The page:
In Patient CRM:  The most important parameter for a person visiting any hospital is the way of treatment he will get there. Winning over patient’s faith is of utmost importance for the employees of the hospital. Presence of a clean environment and suitable hoteling and space in the hospital cannot attract the patient's trust and in fact hospital must show its ability to meet the patient's needs practically in terms of the manner of service delivery and the personnel-patient interaction. Right from the chief doctor to the ward boy, it is the duty of each and every employee to ensure patient satisfaction and proper training can be given in this regard. They should make the patient believe that the hospital is doing their level best to cure him. Clear instructions about the procedures should be given to the patients and their attendants to eliminate unnecessary steps and avoid hassles. If the private hospitals aim to enhance the patients' trust, the quality improvement efforts must focus on the managerial aspects of service delivery, such as scheduling, timely and careful doing of the services, and strengthening the interpersonal relationships as well as the communication skills of the physicians, nurses and other personnel.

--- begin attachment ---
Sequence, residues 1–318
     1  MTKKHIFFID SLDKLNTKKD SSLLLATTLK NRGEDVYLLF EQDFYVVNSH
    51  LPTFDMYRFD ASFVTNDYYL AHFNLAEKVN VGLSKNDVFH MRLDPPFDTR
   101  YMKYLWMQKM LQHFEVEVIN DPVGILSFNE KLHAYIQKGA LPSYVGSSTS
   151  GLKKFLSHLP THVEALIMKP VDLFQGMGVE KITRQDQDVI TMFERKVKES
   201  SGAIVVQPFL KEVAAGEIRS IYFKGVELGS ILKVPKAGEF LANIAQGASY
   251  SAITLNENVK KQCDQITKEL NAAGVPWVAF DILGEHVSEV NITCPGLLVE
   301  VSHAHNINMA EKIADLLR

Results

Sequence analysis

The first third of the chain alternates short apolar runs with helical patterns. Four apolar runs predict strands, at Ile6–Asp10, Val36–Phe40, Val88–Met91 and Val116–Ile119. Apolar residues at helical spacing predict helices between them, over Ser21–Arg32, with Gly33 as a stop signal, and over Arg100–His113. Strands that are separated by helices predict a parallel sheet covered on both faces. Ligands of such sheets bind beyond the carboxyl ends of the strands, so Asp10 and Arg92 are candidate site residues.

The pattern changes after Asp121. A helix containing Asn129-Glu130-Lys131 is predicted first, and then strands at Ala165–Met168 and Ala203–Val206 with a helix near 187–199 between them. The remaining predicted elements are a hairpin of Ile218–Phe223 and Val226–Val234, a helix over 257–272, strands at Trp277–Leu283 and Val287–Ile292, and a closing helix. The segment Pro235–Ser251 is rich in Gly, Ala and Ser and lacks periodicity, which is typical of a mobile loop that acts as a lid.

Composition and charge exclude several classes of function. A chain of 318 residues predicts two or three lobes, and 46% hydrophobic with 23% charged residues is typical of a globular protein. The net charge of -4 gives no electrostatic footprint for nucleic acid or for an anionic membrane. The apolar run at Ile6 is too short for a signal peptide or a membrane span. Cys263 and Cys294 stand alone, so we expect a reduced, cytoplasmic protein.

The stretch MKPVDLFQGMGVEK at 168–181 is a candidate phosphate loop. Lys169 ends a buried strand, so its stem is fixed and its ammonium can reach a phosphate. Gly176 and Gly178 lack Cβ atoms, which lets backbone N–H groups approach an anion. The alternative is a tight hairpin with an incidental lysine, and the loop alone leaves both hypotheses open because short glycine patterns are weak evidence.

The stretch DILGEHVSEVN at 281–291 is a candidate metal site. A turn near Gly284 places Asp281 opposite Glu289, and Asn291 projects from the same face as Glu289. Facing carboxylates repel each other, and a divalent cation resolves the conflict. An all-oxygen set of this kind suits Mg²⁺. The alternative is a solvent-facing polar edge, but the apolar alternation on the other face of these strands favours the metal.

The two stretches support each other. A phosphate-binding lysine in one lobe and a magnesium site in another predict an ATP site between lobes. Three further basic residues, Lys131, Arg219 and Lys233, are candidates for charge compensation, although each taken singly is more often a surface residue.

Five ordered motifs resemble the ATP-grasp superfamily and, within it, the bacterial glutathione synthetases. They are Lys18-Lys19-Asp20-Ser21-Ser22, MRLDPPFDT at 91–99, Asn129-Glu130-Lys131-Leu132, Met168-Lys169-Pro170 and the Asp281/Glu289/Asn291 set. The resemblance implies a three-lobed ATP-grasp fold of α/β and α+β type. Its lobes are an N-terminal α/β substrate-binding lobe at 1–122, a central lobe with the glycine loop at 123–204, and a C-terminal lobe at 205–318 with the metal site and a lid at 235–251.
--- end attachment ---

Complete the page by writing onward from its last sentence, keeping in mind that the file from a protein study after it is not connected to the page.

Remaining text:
Out Patient CRM: Out Patient CRM includes post discharge activities which help in maintaining and strengthening the relationship with the patients. Hospitals should record and maintain computerized database of each and every patient in detail which includes personal details of the patient, medical history, referred physicians, scheduled appointments, frequency of visits etc. This information would in turn help in other CRM activities of the post discharge period. Even after getting discharged from the hospital, the patient needs to come again for further treatment or check up at regular intervals. These activities might include:
• Sending greetings and wishes on birthdays to the patients along with the offer of free health check-up. This would make the patient feel special and make him believe that the hospital still cares for him even after discharge.
• Maintaining a database would enable the hospital to send continuous reminder to the patients about the scheduled appointment and seek their confirmation that they would be coming.